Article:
But there's another side to every coin and there's one here too. For starters, the Wal-Marts of the world save consumers a lot of money. Is it reasonable to ask consumers not to shop at the lowest-price retailers simply for the sake of an amorphous community value? Individual consumers may not have the financial means to do that. More importantly, the competition of big chains undoubtedly has a positive impact on the quality of service the smaller stores provide. Simply put, without competition among sellers, the buyers get screwed. There's no better example of that than the kosher restaurant industry, which has been known to mistreat its captive audience something fierce. And we can all name examples of smaller kosher retailers that do the same with exorbitant prices, dirty stores, items past their 'sell by' dates, etc. And personally, nothing galls me more than the "kosher" mfrs. who buy the inferior merchandise that supermarkets sell as house brands or no-frills, stick on a label that says Ungers or Gefen or Liebers, etc., then charge you more than top dollar for it. Think ketchup or cranberry sauce or salad dressing.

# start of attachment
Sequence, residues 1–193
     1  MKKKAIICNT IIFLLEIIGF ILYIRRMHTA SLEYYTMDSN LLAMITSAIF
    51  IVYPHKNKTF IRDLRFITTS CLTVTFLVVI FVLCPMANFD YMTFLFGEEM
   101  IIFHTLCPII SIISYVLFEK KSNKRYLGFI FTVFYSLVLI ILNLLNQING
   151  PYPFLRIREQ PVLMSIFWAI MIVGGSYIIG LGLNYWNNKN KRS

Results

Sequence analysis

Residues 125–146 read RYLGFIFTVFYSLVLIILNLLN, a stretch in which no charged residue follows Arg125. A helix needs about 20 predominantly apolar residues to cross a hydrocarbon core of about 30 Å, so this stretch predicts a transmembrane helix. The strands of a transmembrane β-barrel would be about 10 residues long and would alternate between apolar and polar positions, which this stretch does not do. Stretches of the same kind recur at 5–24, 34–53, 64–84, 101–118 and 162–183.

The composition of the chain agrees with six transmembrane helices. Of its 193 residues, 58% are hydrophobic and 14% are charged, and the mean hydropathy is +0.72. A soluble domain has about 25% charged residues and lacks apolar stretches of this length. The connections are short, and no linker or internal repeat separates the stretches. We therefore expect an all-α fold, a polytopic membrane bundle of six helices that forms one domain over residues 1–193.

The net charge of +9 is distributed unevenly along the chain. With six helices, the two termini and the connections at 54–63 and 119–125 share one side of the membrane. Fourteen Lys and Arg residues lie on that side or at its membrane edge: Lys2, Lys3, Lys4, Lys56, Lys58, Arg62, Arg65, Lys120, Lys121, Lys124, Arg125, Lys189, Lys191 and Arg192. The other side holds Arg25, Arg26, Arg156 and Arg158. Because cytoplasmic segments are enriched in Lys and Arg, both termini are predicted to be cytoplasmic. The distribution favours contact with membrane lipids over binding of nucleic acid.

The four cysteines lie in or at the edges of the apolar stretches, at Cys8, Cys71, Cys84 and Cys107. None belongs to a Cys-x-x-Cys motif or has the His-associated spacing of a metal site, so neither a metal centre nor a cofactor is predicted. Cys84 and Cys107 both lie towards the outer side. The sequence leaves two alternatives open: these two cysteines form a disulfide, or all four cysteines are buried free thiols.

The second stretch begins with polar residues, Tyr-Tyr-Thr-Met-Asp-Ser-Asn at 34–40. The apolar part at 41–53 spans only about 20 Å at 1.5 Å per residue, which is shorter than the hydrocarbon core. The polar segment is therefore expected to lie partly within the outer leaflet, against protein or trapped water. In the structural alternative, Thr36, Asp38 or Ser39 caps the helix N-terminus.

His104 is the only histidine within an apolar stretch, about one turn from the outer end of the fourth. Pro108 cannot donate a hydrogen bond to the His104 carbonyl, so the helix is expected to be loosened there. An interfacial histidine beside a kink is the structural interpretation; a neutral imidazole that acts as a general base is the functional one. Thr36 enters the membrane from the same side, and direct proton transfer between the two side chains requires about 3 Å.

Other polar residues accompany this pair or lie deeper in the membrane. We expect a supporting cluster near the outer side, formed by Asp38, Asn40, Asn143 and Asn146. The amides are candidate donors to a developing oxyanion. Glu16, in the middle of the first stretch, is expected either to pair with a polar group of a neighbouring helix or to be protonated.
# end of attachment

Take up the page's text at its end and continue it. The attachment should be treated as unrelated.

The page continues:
Sorry for this long-winded venting, especially since I'm firmly on both sides of the fence here, but issues like this can be complicated. Plus I'm a windbag generally.
re: uncle moishy
If I may put in my two cents...
I live in Washington, DC where there are 4 kosher markets serving the enitre metro area. I think that for most items, their prices are quite high and unreasonable. At the same time, Trader Joes, a national chain store, sells most of the items I would normally buy at the kosher supermarket, (chicken, challah, turkey, kosher cheese, pasta sauce, cookies, parve sorbet and toffutti etc...) all with reliable hechsharim, at a discount of between 25-35% percent over their competitors including the kosher supermarkets.
While I would like nothing more than to support local kosher businesses, the fact of the matter is that on my tight budget, I would be a fool not to frequent those businesses that offer those products I am most apt to use at the most reasonable price.